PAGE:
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Why Iran’s Revolutionary Guard Corps Was Just Labeled a Terrorist Organization by the U.S.

The Trump administration designated an elite wing of Iran’s military as a foreign terrorist organization, the first time the U.S. has slapped that label on a government entity and the latest step in the president’s push to starve the regime of access to cash.

The move to designate the Islamic Revolutionary Guard Corps a “foreign terrorist organization,” which takes effect April 15, is aimed at further scaring away any foreign business or government that does business with Iran. The terrorism label means that anyone providing “material support” to the IRGC could face criminal prosecution.

The move “underscores the fact that Iran’s actions are fundamentally different from those of other governments,” President Donald Trump said in a statement announcing the move. “This action will significantly expand the scope and scale of our maximum pressure on the Iranian regime.”

The U.S. has been seeking new ways to ramp up pressure on Iran since Trump last year quit the multinational accord negotiated during President Barack Obama’s administration that sought to constrain the country’s nuclear program. While Obama’s approach was to persuade Iran to change its behavior by strengthening its links with the rest of the world, Trump has taken the opposite approach with a bet that economic isolation will force the regime to switch course.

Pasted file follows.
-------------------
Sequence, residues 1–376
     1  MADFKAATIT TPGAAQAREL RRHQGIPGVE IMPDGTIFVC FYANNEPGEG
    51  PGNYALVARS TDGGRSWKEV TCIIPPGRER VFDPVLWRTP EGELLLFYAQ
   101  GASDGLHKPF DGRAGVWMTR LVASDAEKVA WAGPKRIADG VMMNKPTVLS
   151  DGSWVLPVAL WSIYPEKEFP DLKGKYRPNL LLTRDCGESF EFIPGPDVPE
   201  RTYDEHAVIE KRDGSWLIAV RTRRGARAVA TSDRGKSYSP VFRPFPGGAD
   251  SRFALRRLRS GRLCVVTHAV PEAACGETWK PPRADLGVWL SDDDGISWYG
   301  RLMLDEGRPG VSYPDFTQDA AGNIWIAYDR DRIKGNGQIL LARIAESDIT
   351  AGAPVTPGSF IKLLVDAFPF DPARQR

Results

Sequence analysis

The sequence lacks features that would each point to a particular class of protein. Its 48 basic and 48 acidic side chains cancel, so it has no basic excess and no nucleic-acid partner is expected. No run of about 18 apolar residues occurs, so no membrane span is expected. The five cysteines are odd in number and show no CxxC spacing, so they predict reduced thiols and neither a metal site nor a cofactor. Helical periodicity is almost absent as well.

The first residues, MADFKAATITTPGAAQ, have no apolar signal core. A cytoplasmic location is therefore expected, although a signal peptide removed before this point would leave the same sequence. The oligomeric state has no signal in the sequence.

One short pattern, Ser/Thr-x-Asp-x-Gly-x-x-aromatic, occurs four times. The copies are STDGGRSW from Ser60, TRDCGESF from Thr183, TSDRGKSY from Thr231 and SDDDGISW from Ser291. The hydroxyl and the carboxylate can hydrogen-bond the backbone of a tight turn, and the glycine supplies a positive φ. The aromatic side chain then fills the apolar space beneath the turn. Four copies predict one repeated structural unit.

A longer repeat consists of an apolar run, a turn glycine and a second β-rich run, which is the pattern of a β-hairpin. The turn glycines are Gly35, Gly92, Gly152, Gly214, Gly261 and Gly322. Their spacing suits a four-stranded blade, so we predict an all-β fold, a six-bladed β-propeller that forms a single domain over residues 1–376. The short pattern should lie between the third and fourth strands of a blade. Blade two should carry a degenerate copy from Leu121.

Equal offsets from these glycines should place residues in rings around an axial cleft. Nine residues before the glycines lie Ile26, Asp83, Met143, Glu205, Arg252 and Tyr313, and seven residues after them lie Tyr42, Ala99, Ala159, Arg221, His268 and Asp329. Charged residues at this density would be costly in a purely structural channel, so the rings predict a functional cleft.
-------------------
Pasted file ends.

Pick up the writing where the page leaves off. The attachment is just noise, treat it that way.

The Islamic Revolutionary Guard Corps, created after Iran’s 1979 revolution to support the regime, is deeply embedded in the country’s economy and is already under heavy sanctions. Iran’s government has been on the U.S.’s list of state sponsors of terrorism since 1984, and the Guard’s elite Quds Force has also been branded a terrorist group.

But the administration had previously held off on the terrorist designation, in part because it will pose difficulties for U.S. officials dealing with Iraq and Lebanon, where political parties and militias have close ties to the Guard. The designation means U.S. officials and troops could be prohibited from dealing with officials in Iraq or Lebanon who can be linked to the organization.

The U.S. move came with a lengthy list of accusations against the IRGC, which it said has been involved with the death of more than 600 American troops in Iraq since 2003.

Iran’s Retort

Iranian officials say the Guard isn’t a separate entity but a vital institution that helps protect Iran from external threats and ensure its national security and sovereignty. The U.S. State Department’s special representative for Iran, Brian Hook, downplayed concerns that U.S. officials or troops could run afoul of the designation, saying it wouldn’t impede American diplomacy.

Shortly after the U.S. announcement, Iranian Foreign Minister Mohammad Javad Zarif, in a letter addressed to President Hassan Rouhani, indicated that Iran’s Supreme National Security Council will designate Central Command, which oversees U.S. armed forces in the region, as a “terrorist organization.”

Zarif accused U.S. armed forces of “open and covert backing of terrorist groups” in the Middle East, according to a report by the state-run IRIB news channel published on its website. After the announcement he portrayed the U.S. move as an “election-eve gift” to Israeli Prime Minister Benjamin Netanyahu.

So far the Trump administration has sanctioned almost 1,000 Iranian individuals and entities as a way of further isolating the regime.

“Our designation makes clear to the world that Iran’s regime not only supports terrorist groups but engages in terrorism itself,” Secretary of State Michael Pompeo told reporters. “If you’re the general counsel for a European financial institution today there’s more risk. It is absolutely the case that the IRGC amounts to a significant piece of the Iranian economy through pure kleptocracy.”